POLY (BETA-AMINO ESTER) MEDIATED GENE DELIVERY TO HUMAN ADIPOSE DERIVED MESENCHYMAL STEM CELLS (hAMSCs) & ROUTES OF hAMSCs ADMINISTRATION FOR BRAIN TUMOR TREATMENT
Denduluri, Akhila Jyothy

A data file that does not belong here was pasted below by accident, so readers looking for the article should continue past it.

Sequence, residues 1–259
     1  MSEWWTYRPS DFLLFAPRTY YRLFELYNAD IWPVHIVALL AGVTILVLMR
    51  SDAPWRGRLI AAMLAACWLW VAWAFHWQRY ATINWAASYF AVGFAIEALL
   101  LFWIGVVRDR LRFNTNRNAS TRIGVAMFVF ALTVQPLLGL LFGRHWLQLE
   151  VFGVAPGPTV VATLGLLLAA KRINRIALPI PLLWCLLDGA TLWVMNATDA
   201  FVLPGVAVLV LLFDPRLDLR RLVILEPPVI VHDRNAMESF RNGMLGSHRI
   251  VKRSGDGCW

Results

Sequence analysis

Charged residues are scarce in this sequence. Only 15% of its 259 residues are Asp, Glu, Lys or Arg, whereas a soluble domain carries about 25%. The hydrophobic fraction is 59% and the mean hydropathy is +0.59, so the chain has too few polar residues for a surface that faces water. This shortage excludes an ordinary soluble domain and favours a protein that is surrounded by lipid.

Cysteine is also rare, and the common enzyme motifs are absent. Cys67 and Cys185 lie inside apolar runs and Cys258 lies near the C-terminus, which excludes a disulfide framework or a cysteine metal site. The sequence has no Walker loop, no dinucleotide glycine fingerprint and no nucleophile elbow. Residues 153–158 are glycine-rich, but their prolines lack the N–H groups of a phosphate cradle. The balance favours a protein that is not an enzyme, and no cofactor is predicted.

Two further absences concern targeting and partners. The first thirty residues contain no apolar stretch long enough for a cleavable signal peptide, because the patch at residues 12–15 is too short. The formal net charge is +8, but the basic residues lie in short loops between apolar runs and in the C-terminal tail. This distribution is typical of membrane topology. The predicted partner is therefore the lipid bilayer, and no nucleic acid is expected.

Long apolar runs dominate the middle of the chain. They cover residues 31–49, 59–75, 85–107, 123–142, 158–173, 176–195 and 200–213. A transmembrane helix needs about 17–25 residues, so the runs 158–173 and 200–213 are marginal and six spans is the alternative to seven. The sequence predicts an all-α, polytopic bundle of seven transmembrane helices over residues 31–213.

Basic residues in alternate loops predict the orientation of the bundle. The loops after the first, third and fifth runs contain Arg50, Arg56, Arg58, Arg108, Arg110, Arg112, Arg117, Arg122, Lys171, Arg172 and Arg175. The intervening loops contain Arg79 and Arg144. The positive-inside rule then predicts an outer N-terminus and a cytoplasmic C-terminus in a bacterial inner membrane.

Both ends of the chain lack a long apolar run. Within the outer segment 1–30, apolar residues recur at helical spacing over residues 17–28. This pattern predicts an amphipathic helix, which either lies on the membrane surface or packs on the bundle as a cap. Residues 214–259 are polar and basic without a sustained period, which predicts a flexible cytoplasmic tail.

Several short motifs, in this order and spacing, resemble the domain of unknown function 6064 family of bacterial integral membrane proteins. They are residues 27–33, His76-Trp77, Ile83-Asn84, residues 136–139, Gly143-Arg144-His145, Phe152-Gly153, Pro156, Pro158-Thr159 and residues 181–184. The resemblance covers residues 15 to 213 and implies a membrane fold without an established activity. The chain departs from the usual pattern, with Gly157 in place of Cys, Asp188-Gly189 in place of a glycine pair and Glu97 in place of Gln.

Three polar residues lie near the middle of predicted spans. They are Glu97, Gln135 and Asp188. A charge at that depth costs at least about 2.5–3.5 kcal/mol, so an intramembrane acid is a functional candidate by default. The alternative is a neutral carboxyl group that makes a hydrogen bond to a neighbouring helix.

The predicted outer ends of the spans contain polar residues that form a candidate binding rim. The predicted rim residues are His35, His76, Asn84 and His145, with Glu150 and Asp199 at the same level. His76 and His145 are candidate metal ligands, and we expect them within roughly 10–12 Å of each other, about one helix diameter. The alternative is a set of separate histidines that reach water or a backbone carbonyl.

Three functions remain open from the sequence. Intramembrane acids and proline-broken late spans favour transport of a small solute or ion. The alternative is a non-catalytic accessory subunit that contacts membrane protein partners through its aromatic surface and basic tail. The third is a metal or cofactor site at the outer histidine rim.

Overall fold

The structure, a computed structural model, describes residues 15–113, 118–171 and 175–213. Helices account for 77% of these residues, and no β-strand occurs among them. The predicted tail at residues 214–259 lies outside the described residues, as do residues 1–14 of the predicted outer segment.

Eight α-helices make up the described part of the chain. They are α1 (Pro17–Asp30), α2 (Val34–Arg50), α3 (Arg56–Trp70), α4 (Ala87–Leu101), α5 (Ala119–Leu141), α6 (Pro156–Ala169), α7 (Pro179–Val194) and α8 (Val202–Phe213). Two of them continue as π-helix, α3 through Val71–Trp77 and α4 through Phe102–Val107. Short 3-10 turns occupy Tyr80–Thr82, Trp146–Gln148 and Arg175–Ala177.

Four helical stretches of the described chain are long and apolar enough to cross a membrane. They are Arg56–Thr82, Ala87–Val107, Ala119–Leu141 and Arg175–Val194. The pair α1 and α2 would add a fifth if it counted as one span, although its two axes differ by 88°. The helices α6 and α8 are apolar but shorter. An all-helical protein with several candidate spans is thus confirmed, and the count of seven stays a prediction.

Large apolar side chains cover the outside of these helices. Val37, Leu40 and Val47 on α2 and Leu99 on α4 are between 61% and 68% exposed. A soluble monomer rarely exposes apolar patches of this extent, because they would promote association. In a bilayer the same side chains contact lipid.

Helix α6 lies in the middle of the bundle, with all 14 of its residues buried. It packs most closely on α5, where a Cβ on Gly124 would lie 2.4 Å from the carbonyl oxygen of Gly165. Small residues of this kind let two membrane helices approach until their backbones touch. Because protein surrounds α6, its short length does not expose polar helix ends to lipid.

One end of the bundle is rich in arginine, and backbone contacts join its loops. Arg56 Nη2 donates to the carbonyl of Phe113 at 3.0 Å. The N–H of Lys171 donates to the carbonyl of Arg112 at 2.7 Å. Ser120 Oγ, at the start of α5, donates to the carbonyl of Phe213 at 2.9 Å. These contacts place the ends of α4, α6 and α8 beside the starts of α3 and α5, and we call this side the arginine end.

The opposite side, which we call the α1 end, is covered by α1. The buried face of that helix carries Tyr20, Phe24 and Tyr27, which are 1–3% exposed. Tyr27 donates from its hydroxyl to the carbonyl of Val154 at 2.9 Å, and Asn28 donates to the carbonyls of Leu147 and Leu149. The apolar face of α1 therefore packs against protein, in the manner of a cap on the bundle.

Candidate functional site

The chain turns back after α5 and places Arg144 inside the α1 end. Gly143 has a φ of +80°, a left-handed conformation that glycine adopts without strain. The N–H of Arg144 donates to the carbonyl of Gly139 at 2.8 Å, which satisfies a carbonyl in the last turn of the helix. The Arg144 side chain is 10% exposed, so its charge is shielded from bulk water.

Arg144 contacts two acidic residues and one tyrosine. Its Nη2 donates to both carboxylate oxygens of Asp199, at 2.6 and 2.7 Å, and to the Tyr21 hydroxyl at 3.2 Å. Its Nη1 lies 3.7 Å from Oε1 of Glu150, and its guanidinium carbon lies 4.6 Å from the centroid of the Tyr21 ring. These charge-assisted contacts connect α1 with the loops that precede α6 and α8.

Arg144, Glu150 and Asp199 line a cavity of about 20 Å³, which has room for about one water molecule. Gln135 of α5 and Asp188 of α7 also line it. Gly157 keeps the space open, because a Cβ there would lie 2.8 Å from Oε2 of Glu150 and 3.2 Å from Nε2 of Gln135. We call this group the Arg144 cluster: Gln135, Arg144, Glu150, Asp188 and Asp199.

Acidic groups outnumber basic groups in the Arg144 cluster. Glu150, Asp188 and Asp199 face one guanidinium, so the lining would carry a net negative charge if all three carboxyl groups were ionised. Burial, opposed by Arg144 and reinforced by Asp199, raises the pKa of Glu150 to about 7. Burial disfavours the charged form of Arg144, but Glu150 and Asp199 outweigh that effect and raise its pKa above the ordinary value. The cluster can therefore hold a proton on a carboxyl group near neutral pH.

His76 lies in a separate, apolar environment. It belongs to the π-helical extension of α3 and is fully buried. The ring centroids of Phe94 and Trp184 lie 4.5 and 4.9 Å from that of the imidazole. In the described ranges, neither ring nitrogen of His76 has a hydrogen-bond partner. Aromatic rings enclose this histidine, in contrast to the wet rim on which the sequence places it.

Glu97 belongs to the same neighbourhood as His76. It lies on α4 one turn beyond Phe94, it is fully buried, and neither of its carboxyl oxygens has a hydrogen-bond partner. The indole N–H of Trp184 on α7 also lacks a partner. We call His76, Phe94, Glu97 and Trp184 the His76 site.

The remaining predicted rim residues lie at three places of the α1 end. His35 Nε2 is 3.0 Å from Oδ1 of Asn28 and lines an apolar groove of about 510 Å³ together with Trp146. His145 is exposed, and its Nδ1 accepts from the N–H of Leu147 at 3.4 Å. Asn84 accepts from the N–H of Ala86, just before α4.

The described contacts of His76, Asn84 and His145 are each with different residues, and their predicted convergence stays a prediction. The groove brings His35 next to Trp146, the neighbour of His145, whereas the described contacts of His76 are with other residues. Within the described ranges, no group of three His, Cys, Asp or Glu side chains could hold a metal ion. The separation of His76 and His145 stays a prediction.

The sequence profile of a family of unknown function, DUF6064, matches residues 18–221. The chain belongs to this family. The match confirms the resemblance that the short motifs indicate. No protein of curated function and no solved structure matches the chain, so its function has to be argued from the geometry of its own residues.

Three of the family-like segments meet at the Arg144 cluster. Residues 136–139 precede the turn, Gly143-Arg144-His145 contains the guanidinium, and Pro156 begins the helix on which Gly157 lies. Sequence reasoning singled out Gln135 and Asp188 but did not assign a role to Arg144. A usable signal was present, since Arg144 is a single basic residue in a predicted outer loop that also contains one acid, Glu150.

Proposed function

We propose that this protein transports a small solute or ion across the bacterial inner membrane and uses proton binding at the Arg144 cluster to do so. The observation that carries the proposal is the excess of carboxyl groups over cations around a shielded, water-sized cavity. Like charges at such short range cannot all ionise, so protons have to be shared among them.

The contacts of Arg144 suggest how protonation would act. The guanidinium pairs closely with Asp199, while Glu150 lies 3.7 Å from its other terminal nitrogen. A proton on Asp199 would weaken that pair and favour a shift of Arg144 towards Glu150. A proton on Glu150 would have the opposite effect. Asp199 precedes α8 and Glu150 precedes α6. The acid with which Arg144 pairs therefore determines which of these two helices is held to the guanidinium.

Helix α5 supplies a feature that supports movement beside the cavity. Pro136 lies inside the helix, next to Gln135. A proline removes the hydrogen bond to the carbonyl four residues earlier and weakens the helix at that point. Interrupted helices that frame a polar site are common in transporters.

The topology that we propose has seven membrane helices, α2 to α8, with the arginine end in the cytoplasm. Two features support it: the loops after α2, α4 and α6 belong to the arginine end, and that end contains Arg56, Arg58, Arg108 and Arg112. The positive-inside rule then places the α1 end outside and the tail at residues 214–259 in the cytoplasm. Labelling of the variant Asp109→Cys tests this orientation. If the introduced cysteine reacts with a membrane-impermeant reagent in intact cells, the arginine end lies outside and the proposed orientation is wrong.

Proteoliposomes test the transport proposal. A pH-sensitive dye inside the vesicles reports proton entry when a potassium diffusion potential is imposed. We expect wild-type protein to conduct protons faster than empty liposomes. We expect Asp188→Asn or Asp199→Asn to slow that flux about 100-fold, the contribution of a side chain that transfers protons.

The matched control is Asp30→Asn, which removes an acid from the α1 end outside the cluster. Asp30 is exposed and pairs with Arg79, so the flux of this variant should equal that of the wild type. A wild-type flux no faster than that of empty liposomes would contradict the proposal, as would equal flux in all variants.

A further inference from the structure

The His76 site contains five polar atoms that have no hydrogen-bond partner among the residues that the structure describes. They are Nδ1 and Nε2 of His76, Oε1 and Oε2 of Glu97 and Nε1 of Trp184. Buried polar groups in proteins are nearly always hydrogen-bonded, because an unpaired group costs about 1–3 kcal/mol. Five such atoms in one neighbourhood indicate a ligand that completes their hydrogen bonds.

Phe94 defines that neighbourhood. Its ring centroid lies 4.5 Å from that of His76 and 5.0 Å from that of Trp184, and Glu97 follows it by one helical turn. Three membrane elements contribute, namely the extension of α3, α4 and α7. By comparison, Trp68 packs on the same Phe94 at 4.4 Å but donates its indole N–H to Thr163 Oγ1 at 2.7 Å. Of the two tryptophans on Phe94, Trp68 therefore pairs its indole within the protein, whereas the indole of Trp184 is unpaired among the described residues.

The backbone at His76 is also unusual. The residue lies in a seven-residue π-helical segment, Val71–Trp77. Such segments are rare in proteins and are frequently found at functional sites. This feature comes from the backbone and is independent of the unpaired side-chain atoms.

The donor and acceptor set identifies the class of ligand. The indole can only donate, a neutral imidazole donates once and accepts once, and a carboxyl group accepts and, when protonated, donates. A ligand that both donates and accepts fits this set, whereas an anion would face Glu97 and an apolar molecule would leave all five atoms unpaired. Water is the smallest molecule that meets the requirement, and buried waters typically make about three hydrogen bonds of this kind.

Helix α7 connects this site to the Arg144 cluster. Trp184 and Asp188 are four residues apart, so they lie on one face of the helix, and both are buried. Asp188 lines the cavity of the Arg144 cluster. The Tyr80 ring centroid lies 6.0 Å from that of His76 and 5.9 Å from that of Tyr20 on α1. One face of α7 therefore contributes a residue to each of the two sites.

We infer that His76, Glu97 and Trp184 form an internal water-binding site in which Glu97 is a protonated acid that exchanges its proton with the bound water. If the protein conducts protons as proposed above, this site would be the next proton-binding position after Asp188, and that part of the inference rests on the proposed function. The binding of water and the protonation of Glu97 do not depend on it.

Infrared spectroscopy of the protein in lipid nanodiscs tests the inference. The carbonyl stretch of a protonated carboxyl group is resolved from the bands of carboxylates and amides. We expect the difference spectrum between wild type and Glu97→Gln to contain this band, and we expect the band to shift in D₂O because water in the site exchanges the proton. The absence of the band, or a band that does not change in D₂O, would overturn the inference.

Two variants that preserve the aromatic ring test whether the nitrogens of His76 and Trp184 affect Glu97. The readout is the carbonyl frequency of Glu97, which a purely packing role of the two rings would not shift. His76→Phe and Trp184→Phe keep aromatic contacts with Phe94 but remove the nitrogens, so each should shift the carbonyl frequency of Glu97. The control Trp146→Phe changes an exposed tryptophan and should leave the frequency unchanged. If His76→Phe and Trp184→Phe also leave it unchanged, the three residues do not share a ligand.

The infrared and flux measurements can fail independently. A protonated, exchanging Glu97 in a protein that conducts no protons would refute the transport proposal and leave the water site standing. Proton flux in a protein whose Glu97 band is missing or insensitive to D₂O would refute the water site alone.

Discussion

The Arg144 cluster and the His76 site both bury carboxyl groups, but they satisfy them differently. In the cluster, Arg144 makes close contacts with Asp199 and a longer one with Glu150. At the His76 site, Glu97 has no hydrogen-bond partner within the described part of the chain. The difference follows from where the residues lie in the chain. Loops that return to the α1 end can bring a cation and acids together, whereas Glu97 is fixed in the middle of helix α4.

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Glioblastoma (GB) is a severe type of brain tumor with 26,000 adult, 5,000 pediatric cases diagnosed every year. In addition to primary tumors, ~170,000 new metastatic cancers to brain are diagnosed annually1,2. The median patient survival remains a mere 14.6 months despite an expensive treatment combining surgical resection, chemotherapy and radiation. There is an immediate need to develop alternative therapies for GB that can be easily administered at an affordable cost. Stem cells have provided an attractive platform to develop therapies in this regard due to their inherent tropism towards inflammation or site of injury and their proliferation capacity. Having the ability to non-virally modify stem cells to deliver therapeutic gene(s) of interest will change the way treatment is strategized and administered for GB. The first step towards developing this treatment involves efficiently engineering patient-derived human adipose derived mesenchymal stem cells (hAMSCs) to express gene(s) of interest and characterizing the modified hAMSCs. This thesis involves identifying an optimal poly-beta-amino-ester (PBAE) polymer formulation to transfect patient-derived hAMSCs and characterizing the migration, proliferation and stemness of hAMSCs modified to express single or multiple genes of interest. The thesis consists of two parts. The first half comprises of identification of a polymer formulation for optimal transfection of patient-derived hAMSCs and characterization of nanoparticle modified hAMSCs. We were able to screen for optimal gene expression using a library of PBAE polymers previously created in our laboratory. We showed that primary patient-derived hAMSCs can be transfected using PBAE nanoparticles and the gene expression can be seen even five days after transfection. Though there is not just one single polymer formulation to obtain optimal expression, a combination of polymer structure, polymer to DNA weights ratio and DNA dosage resulted in transfection efficacy of up to 60%. We also observed variability in transfection efficacy among hAMSCs obtained from individual patients, suggesting that every hAMSC culture does not result in similar gene expression for a given formulation. However, we observed a transfection efficacy of at least 30-40% for any given patient-derived hAMSC culture, with some cultures having transfection efficacy as high as 60%. Multiple cultures of primary hAMSCs obtained from patients have been transfected to express individual gene or a combination of genes. We observed that hAMSCs modified to express receptor protein GFP before and after transfection maintained their migration ability, proliferation capacity and stemness. In addition, hAMSCs expressing two genes maintained their stemness as well. These results suggest that we have the ability to transfect multiple plasmids within a single PBAE nanoparticle resulting in an effective and efficient multiple gene delivery, without significant cytotoxicity. The latter half of the thesis evaluates the routes of administration of hAMSCs in a mouse model of glioblastoma in vivo. Virally transduced bioluminescent hAMSCs have been administered to mice through intracardiac, nasal, intrathecal or intravenous delivery. The distribution of hAMSCs was studied over a period of 5 days. The total flux of the fluorescence signal for each mouse (for days 0-4) was qualitatively compared for different routes. We observed the most diffused distribution of hAMSCs in for intracardiac administration. These findings indicate the PBAE polymers can be used to effectively transfect primary patient-derived hAMSCs to express gene(s) of interest. Further, changes to polymer structure, polymer to DNA weights ratio and DNA dosage influence the transfection efficacy. Moreover, hAMSCs can be used as delivery vehicles in a brain tumor model, with different routes of administration resulting in varied distribution of the injected cells. In addition, patient-derived hAMSCs non-virally engineered to express gene(s) of interest maintain their migration ability, proliferative capacity and stemness, thus making hAMSCs an attractive gene delivery vehicle for brain tumor patients.